SaaS Companies Report Slowing Orders, Longer Decisions


Business software providers are seeing their customers grow more cautious in a rocky economy.

Citing recent comments from executives at companies like Salesforce, Okta and Crowdstrike, the Wall Street Journal (WSJ) reported on the shift in sentiment on Sunday (Dec. 4).

“Certainly, the buyer environment has changed out there in the market. It’s become more measured,” Brian Millham, chief operating officer at Salesforce, said on an analyst call.

The reports noted these companies are seeing customers take longer to agree to deals, or in some cases pulling back on hiring to cut costs.

It’s not just large companies following this trend. WSJ said that Okta saw a decline in demand from small businesses as clients held off on purchases.

And while Okta CEO Todd McKinnon said the company had one of its best quarters ever for large deals, he also warned of “a global macro environment that we anticipate becoming worse before it improves.”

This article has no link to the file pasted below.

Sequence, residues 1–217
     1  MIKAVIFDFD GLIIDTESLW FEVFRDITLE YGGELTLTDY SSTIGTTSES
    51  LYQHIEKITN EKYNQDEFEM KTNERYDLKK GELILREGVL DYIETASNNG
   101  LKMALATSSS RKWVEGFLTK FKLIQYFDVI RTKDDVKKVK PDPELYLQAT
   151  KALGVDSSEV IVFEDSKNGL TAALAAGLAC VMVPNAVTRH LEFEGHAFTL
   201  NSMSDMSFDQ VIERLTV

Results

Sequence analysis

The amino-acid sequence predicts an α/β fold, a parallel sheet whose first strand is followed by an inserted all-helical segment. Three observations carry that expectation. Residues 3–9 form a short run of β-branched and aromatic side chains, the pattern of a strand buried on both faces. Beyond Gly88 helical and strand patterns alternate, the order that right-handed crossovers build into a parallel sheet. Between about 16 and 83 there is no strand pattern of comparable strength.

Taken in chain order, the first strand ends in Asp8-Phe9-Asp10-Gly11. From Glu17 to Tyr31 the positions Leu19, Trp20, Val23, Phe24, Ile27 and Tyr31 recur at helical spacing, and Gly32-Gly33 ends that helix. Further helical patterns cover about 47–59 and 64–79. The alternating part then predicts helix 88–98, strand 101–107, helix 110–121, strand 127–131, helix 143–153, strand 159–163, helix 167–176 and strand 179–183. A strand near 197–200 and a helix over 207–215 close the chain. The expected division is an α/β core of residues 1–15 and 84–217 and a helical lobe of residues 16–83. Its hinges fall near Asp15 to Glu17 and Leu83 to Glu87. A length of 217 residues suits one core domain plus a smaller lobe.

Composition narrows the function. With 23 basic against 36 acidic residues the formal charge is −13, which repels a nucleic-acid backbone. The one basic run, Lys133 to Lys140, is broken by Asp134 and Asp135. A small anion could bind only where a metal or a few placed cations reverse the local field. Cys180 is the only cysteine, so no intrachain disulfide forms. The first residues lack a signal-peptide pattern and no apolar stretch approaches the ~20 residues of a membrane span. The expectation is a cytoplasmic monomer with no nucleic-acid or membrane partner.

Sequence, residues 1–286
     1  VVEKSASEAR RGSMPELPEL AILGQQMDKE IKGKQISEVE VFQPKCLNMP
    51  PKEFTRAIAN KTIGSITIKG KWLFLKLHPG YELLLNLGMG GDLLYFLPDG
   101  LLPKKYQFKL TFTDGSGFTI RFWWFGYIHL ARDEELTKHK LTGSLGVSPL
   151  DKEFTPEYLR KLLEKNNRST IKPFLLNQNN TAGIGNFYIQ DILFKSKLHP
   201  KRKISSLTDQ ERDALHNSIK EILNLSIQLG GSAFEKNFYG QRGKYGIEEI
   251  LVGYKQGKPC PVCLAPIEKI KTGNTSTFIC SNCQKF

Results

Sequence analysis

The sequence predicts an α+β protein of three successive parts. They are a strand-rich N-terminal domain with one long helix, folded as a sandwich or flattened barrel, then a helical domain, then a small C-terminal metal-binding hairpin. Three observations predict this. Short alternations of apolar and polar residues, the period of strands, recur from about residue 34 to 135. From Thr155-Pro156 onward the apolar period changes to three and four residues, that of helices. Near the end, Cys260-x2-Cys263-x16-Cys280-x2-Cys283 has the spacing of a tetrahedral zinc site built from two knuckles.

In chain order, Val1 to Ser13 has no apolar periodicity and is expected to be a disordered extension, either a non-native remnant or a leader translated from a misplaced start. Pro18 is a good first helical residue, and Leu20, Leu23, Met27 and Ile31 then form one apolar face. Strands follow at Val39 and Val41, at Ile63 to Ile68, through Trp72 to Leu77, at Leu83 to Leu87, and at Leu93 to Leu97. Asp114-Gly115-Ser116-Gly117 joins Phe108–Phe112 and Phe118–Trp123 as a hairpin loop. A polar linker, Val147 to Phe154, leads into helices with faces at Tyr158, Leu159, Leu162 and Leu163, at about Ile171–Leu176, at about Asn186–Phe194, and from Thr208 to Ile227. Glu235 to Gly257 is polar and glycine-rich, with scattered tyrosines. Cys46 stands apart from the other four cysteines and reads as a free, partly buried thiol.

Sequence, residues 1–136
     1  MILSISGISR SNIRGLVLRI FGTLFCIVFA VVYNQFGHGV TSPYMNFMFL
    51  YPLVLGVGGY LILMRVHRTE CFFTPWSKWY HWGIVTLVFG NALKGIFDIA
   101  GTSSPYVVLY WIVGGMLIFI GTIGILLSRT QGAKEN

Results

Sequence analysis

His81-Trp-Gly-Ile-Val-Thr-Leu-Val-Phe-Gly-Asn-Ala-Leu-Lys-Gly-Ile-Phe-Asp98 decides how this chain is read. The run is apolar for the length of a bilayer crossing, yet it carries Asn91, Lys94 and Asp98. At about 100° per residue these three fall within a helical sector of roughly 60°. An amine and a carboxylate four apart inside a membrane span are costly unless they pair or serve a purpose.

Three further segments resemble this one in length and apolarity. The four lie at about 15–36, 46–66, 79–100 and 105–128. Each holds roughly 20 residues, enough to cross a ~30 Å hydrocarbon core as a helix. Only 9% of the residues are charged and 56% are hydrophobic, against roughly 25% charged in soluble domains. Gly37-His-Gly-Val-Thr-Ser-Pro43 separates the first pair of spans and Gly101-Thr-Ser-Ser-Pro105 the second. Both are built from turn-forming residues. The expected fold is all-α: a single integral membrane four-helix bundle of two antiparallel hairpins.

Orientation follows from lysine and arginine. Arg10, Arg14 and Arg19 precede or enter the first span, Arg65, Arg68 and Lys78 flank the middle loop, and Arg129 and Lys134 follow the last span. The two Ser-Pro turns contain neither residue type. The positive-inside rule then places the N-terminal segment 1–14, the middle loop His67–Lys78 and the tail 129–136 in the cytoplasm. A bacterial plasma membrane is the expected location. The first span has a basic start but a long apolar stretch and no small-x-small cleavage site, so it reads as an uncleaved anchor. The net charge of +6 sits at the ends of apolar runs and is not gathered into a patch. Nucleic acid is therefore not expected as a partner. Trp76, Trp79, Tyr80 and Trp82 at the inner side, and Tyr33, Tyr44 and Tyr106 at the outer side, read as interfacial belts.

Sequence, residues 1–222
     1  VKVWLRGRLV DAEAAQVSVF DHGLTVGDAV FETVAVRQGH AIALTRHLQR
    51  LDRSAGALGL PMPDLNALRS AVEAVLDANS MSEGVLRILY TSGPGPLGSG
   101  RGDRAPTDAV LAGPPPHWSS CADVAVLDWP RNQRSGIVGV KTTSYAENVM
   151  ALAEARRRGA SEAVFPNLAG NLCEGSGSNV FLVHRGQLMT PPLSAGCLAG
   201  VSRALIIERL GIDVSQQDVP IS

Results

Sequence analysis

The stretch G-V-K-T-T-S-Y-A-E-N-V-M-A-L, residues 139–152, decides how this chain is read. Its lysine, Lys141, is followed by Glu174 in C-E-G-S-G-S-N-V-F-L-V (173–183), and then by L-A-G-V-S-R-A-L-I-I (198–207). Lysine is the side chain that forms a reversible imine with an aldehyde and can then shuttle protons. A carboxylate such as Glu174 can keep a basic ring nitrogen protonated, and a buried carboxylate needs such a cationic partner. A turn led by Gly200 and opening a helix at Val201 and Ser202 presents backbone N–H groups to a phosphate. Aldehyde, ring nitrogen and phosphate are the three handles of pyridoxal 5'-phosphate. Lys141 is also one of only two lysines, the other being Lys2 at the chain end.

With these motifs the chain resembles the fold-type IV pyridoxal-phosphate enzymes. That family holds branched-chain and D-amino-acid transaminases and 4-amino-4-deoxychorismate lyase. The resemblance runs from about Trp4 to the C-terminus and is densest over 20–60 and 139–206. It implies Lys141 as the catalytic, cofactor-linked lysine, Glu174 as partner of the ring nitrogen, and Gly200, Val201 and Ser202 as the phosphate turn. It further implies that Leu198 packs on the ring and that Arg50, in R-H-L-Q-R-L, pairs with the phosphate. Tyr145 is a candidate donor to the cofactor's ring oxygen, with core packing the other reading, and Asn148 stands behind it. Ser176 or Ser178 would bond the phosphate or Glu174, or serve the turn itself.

The report said this strain has quenched a fire lit in the tech industry after the pandemic forced businesses to embrace more digital tools.

But that embrace hasn’t gone away completely.

Speaking to PYMNTS recently, Jo Jagadish, executive vice president of innovation at TD Bank, talked about the rush among businesses to adjust their payments infrastructure to the challenges of the pandemic.

It was a shift that was most pronounced among small businesses, Jagadish told PYMNTS’ Karen Webster. She said that “a lot of [small] businesses were trying to keep their lights on, and so they relied heavily on just digital engagement in getting paid.”

That enthusiasm is still there in the post-pandemic era, she argued, as she’s seen many treasury departments “secure the funding and the investment that they’re going to need to automate and improve and digitize their back office.”

Factor in the rockiness of the current environment, and Jagadish said many CFOs are again looking to make long-term investments that will become relevant in a few years, in lieu of smaller, niche “hobby projects” that could soon be forgotten.